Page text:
2007-03-08 / News

JEMS gets new pulse CO-Oximeter

The Jamestown Emergency Medical Service, at its Feb. 27 business and training meeting, elected to use funds from our recent fundraising drive to purchase two Masimo Rad-57 Pulse CO-Oximeters at a cost of $3,000 each.

Two independent clinical studies, recently presented at the American Association for Respiratory Care (AARC) Congress, found that the Masimo Rainbow SET® Rad-57 Pulse CO-Oximeter ™ was effective in detecting carbon monoxide levels in the bloodstream. The first study was from the Mayo Clinic. The second was done at Rhode Island Hospital & Brown Medical School, Department of Emergency Medicine.

The Masimo Company website explains the problem. "Carbon monoxide, a silent, odorless killer, is the leading cause of accidental poisoning deaths in the U.S., responsible for an estimated 5,000 fatalities and 10,000 poisoning injuries annually. Since carbon monoxide is produced by combustion, it can be a threat both at home, usually from faulty furnaces or water heaters and in the workplace, where exhaust fumes from motor vehicles and manufacturing equipment can accumulate. Because carbon monoxide is produced in huge quantities in building and forest fires, firefighters face an especially high risk of repeated exposure to carbon monoxide.

"Carbon monoxide poisoning can be very difficult to diagnose, since its symptoms resemble those of the flu and other common ailments. Sometimes symptoms are so subtle that patients ignore them, with life-threatening consequences. Quick diagnosis and treatment of carbon monoxide poisoning is critically important in saving lives and preventing long-term neurological damage. Quick diagnosis of a poisoned patient may also allow paramedics, firefighters and clinicians in the emergency department to identify other persons at risk in a toxic home or work environment, and intervene before it is too late.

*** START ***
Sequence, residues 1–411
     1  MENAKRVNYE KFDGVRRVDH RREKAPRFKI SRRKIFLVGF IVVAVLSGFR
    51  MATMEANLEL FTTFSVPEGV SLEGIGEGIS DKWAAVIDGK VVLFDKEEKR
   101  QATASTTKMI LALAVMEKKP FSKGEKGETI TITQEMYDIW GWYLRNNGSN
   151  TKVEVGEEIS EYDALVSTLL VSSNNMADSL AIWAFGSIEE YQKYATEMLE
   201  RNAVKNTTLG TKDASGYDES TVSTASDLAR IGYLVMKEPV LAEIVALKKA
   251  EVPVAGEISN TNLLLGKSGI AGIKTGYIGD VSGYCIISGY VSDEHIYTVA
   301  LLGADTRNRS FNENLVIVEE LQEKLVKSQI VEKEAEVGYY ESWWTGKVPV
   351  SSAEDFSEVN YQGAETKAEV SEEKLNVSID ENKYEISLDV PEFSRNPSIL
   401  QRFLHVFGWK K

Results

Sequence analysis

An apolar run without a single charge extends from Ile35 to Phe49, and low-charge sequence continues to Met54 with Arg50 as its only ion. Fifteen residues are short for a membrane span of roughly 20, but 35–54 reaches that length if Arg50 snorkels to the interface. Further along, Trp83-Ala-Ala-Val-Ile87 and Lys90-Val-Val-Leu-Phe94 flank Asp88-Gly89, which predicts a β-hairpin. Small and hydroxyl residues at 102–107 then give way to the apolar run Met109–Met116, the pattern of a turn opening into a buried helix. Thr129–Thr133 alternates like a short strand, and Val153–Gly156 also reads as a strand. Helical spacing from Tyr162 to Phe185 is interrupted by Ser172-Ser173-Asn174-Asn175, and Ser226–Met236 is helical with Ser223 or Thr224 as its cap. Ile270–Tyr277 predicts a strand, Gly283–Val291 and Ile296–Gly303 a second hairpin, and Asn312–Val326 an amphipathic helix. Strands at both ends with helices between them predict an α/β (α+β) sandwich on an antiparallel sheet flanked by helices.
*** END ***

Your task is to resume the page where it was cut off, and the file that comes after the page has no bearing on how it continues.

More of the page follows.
"Unfortunately, conventional pulse oximeters cannot distinguish carbon monoxide from oxygen, and report erroneous high oxygen levels, even when patients are severely poisoned with carbon monoxide.

"With the introduction of the Rad-57 pulse CO-Oximeter, hospital clinicians and first responders in the field now have a portable, durable unit that can be used anywhere to diagnosis carbon monoxide poisoning painlessly, in seconds."

Joan Faella, an EMT and a nurse in a hospital hyperbaric unit, brought forward the recommendation to purchase the new technology. JEMS investigated the technology last year but were waiting for more studies to confirm the efficacy of the new device.

Rick Hodges, director of the JEMS, said, "This will be especially valuable for us during firefighter rehab. One of our most important missions is to support the brave men and women of the Jamestown fire department. Early and accurate detection of the presence of carbon monoxide is vital for timely treatment." The membership voted unanimously for this purchase.

The remainder of the meeting was devoted to a program on domestic violence given by a member of the Women's Resource Center of Newport and Bristol counties. JEMS meets the second and fourth Tuesdays of each month for training.

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